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Here you will find more than 3000 lute pieces in French tablature in the following formats: Fronimo (ft2 and ft3), from , TAB from , midi, and PDF (which you can read using Acrobat Reader). (Why the different formats?). I apologize to those who prefer other formats, such as Spanish or Italian, but I believe French is the most widely used format, though it is easy to change to another format -- even German tab (not that anyone would really want to do this…)!
I have collected these pieces over the years from the internet or have entabulated and/or arranged or realized them myself. I have edited all of them and formatted them to fit nicely on US letter size paper (8.5 x 11 in), though some are formatted for US legal size (8.5 x 14 in). I have not formatted any for A4, as life is too short. Again, if you have Fronimo, it is pretty easy to reformat these to taste. I have tried to create performable copy in all cases. These pieces are mostly for renaissance lute, but quite a few are for baroque lute and archlute, and a very few for theorbo, cittern, bandora, guitar etc. Other pieces include songs and continuo pieces, listed by composer. Under Lute ensemble in the list of composers, you will find pieces for two or more lutes. Source facsimiles are now grouped together in one place.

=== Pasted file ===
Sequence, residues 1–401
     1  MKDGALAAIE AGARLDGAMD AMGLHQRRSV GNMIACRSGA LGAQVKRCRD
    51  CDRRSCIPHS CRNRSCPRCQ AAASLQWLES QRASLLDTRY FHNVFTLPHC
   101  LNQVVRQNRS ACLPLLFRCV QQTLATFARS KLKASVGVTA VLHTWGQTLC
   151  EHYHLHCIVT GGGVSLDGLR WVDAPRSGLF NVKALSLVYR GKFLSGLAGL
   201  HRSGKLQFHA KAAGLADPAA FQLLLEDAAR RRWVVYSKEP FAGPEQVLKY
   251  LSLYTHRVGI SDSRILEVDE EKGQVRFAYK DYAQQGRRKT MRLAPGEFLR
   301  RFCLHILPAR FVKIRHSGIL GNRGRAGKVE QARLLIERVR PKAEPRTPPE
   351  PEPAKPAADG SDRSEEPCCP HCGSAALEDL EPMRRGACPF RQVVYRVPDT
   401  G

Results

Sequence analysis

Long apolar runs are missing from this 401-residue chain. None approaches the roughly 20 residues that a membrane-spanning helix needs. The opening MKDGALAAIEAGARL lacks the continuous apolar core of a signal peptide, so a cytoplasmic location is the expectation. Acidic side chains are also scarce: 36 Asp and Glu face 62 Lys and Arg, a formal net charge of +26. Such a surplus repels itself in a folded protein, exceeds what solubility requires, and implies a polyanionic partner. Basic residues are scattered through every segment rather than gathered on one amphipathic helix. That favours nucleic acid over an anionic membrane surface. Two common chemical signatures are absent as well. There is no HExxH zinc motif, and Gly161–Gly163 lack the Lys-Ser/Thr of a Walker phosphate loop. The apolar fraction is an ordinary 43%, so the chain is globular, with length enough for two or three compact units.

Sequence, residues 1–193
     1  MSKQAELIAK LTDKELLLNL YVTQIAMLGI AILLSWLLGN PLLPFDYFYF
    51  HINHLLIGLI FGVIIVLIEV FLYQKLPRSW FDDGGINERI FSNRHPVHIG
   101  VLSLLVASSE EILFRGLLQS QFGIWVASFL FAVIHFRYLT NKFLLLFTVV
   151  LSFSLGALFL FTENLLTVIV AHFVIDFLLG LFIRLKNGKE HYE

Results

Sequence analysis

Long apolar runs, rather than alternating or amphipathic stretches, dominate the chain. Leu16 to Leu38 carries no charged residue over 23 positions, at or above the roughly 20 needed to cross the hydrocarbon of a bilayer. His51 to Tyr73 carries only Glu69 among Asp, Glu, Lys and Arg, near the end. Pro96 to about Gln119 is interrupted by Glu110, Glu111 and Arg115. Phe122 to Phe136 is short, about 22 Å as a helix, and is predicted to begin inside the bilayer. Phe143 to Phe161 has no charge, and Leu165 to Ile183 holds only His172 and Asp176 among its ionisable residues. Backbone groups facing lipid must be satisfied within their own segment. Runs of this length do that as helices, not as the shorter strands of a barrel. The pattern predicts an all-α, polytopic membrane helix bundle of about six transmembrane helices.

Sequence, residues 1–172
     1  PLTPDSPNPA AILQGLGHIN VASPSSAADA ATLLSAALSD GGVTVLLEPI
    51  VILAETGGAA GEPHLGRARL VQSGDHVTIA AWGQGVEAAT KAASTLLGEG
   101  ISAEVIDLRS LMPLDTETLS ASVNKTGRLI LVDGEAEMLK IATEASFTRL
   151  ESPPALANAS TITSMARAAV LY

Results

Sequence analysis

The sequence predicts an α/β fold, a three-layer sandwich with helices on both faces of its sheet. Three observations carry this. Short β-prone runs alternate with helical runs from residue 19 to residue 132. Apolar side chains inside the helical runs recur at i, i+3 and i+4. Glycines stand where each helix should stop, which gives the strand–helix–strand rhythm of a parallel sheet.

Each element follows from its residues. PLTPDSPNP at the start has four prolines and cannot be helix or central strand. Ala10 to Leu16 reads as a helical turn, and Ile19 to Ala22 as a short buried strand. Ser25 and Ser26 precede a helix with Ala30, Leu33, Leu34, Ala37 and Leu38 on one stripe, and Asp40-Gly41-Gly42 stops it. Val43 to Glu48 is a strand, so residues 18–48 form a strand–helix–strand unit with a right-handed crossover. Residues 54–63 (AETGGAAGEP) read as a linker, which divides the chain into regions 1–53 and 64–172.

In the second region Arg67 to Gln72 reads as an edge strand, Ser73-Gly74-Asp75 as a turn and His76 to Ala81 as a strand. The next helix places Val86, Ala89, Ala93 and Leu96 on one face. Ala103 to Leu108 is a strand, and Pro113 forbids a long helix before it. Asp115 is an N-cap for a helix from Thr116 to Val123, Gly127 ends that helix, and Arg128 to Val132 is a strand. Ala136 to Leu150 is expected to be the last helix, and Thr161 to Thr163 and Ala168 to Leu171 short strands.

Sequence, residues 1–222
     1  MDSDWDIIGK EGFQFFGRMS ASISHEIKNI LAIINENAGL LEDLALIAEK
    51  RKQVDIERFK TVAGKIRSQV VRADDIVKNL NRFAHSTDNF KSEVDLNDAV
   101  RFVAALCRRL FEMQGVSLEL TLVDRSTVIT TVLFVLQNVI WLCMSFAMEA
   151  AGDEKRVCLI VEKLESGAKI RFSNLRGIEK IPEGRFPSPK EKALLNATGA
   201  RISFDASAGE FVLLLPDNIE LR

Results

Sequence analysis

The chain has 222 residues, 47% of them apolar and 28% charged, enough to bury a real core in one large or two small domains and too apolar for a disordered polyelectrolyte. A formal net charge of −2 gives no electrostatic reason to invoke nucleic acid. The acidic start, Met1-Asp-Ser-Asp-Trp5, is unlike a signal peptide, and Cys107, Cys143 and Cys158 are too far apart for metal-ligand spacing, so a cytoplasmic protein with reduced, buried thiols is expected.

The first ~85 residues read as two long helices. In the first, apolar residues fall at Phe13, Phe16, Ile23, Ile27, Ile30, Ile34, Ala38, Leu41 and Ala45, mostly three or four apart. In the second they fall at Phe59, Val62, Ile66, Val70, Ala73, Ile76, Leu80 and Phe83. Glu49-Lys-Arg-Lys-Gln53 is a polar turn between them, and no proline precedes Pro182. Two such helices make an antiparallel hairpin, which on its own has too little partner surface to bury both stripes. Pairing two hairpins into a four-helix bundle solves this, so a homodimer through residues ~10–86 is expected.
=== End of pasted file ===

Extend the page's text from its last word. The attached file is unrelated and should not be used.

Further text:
This material is now mirrored at lute.omerkatzir.com, thanks to the good offices of and on www.lute.ru/gerbode, thanks to , who has also translated the site into Russian at www.lute.ru/gerbode/ru. I will try to keep these sites as updated as possible, but gerbode.net is likely to be the latest and greatest. If anyone wants to contribute stuff to my site, I now have an ftp directory dedicated to lute. Details here. I also keep a compressed tar file (very large) of the entire composer list in this location, with the date in the filename, for those who might want to download it (latest was 16Jun09). I feel more secure with these data in several different places.